Wooden Indian, Spafford, Dry River Yacht Club, Sugar Thieves at Crescent Ballroom, 1/13/12
Wooden Indian, Spafford, Dry River Yacht Club, Sugar Thieves
Anthony Sandoval Dry River Yacht Club
Friday, January 13
Ballrooms are traditionally designated for swanky soiree's and formal dance receptions. Since it's opening, Crescent Ballroom has played host to anything but traditional music ensembles and while it might be a tad shy of the opulence associated with venues of the same namesake, there's always a little dancing when the double doors sway open.
While no one was waltzing, there was still plenty of shimmy-shaking going on to last night's eclectic lineup of artists at the Crescent. Wooden Indian got the night started with their unique brand of dance party blues, Spafford shook it up with a funky jam session while the acoustic symphony known as Dry River Yacht Club charmed the night away.
(Local blues/americana band Sugar Thieves headlined the event, but unfortunately I had to leave during DRYC's set. Until next time, Sugar.)
Anthony Sandoval Wooden Indian
Wooden Indian's opening set started promptly at 8 p.m. with a whimsical flair. Ross Andrews and Wally Boudway anchored the music as the two created lush layers of sound. Between thoughtful guitar picks and a steady pulsing rhythm, Thunder Choir members Patrick Rowland and David Moroney added various manipulated tones and touchy key accents.
As patrons continued to shuffle in, Boudway would grab their attention with twangy guitar strums and a soaring voice that reached intermittent falsetto highs. During "Heart of the Wilderbeast" he took over the drum set, stomping on the kick and high-hat pedals while Andrews pounded on the floor toms beside him.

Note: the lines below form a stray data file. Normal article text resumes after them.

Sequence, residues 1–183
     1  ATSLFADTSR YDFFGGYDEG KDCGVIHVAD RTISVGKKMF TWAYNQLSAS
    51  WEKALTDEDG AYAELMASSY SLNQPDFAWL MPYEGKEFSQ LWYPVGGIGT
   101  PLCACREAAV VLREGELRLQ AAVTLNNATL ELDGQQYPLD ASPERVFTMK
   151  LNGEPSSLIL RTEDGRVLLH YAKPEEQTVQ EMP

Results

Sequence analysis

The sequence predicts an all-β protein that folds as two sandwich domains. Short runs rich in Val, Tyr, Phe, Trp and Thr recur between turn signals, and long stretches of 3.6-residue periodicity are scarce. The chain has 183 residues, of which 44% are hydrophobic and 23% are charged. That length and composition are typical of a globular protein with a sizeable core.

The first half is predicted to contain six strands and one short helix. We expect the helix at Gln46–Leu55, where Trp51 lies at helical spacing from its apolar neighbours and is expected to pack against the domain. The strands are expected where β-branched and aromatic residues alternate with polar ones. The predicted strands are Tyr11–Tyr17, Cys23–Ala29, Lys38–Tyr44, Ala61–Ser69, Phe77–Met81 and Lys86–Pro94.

It was cool seeing both Boudway and Andrews share percussion duty but it often led to longer than average breaks between songs. During that time only the steady buzz of the amplifiers could be heard and concertgoers struggled to keep their focus.
The 45-minute set provided a calmer pace than the band's counterparts, inciting soft shoulder sways for most of their tracks before really picking it up during the closer, "Harvest Eye." It would be a good segue into the next performers.
Anthony Sandoval Spafford
Visiting from Prescott, funk rock quartet Spafford picked up the pace behind some wicked bass work from Chris Fairless. Also clocking in just under an hour, the band only covered five songs while lead guitarist and vocalist Brian Moss spent less time singing, and more time just plain jamming.
The set featured some Jamiroquai-esque jazz funk as well as some reggae and ska-infused tracks. Drummer Nick Tkachyk mean-mugged his way through "Runaway" while Andrew Johnson summoned up some cool organ keys.
By the time they were done they had everyone bobbing their heads as the crowd kept up with their upbeat tunes and high energy. They even had a little fun throwing in a funked up version of the Inspector Gadget song.
Shortly after 10, the nine-piece ensemble of DRYC took the stage and got right to work. Singer Garnet, whom happened to be celebrating a birthday, was visibly in good spirits as she danced on stage to the bassoon and bass clarinet-laden songs.
It was my first time seeing the troupe of performers and although I bailed early, I'm looking forward to experiencing more of this vaudevillian dance party.
Last night: Wooden Indian, Spafford, Dry River Yacht Club, Sugar Thieves at Crescent Ballroom.
The crowd: Good mix of people not suffering from paraskevidekatriaphobia.
Overheard in the crowd: "I didn't expect that voice to come out of her." - During DRYC's sound check.